Beware. Things are not as bright as they may appear in the glare of a presidential election.

Americans' confidence in the U.S. economy reached its lowest weekly level so far in 2016, with Gallup's U.S. Economic Confidence Index averaging -16 for the week ending April 24. The latest figure represents a four-point drop from the previous week's average. The last time Gallup found a lower weekly score was in August 2015.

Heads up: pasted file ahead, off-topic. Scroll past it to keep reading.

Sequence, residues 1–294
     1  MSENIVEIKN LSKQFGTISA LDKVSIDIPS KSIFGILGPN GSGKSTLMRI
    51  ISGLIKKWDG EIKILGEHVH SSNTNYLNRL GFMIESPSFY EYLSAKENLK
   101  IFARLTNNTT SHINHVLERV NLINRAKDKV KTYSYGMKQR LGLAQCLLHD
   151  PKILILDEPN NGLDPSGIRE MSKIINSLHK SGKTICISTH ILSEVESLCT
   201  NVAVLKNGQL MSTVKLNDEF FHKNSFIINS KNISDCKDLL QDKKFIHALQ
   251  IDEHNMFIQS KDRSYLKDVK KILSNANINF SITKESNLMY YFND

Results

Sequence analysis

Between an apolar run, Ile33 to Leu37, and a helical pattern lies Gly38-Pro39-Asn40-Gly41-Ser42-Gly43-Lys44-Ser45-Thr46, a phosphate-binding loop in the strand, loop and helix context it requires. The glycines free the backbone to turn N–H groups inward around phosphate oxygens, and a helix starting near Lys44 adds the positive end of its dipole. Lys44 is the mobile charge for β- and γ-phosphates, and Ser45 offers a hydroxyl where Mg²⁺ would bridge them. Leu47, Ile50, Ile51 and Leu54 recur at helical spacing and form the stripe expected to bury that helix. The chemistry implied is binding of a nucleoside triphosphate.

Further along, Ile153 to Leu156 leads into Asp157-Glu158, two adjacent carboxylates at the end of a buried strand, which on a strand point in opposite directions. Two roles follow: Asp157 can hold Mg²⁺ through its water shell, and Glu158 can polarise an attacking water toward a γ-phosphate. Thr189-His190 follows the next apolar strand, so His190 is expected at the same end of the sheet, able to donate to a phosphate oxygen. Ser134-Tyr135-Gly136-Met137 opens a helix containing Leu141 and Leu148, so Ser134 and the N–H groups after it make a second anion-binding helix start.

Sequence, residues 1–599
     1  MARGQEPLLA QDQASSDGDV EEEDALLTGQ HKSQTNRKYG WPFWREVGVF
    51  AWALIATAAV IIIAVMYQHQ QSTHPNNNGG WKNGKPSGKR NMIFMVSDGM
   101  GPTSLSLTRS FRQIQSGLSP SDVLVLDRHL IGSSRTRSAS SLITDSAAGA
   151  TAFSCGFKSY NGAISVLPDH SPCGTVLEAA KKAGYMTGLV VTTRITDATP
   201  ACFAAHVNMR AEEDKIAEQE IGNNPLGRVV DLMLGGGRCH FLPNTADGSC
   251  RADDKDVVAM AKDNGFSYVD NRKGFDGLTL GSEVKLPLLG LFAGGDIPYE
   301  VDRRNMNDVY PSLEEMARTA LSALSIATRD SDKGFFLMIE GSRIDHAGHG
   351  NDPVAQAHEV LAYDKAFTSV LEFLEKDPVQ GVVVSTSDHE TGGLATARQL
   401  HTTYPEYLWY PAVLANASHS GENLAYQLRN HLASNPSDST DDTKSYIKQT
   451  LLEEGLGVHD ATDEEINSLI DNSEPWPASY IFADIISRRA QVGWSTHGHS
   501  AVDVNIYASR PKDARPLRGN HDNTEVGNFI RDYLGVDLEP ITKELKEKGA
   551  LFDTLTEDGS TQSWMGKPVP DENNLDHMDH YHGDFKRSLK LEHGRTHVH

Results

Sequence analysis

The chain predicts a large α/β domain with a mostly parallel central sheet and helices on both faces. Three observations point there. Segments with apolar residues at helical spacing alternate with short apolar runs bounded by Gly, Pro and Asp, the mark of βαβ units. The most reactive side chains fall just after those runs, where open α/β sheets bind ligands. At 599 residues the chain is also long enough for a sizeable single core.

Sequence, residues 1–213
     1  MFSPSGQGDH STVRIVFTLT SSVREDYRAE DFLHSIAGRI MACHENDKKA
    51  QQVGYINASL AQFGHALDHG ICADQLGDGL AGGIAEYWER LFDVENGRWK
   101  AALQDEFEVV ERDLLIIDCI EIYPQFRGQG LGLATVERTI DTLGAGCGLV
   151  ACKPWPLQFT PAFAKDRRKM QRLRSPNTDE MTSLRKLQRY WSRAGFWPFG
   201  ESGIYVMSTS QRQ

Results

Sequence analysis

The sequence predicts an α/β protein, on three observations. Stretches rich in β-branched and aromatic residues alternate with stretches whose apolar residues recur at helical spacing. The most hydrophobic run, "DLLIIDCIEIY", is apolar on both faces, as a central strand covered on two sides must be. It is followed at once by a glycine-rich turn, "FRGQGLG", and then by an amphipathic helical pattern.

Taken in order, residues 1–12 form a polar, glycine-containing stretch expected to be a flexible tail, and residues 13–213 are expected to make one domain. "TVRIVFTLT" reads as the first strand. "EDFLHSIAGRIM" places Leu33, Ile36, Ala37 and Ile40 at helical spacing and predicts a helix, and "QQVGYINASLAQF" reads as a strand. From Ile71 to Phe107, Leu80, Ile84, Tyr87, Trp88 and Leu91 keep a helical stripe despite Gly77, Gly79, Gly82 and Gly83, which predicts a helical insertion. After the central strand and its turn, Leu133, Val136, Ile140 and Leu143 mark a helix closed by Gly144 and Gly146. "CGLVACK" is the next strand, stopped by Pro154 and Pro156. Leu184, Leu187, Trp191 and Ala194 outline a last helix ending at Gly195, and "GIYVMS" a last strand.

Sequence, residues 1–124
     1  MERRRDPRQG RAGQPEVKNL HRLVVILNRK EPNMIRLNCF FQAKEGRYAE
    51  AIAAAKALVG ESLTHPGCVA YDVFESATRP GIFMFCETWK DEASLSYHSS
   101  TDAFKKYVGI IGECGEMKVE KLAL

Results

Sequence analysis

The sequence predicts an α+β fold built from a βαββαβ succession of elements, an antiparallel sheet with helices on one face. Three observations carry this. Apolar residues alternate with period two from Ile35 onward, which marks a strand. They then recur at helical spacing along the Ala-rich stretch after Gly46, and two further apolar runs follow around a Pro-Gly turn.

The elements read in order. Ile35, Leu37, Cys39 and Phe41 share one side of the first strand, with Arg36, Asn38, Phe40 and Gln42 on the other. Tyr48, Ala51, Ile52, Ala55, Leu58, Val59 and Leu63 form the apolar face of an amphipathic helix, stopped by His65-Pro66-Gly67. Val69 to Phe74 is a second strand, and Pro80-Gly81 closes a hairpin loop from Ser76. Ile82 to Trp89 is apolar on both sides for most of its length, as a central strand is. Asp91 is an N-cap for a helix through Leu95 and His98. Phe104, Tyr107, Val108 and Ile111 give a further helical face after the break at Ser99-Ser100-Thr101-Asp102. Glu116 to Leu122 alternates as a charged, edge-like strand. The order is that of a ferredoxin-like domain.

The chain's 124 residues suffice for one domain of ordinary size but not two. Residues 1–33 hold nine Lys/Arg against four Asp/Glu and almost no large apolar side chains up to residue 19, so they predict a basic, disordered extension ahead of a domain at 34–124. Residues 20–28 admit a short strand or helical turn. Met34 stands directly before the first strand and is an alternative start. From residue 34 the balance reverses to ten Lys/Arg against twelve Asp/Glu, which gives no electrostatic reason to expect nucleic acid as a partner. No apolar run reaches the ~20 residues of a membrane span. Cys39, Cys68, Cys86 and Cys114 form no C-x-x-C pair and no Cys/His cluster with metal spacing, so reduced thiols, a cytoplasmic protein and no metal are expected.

The latest figure is not markedly lower than the -11 weekly index score average recorded so far in 2016, but it is part of a decline that started in late March. Pessimism has increased despite a strong stock market in recent weeks and a persistent low unemployment rate. However, there have been reports of weak retail sales and expectations of low first quarter economic growth. Gas prices have also started to rise, although they remain well below where they were for most of the past decade. Finally, consistent statements from presidential candidates about how they would fix the U.S. economy if elected might play a part in keeping Americans' economic optimism at lower levels.

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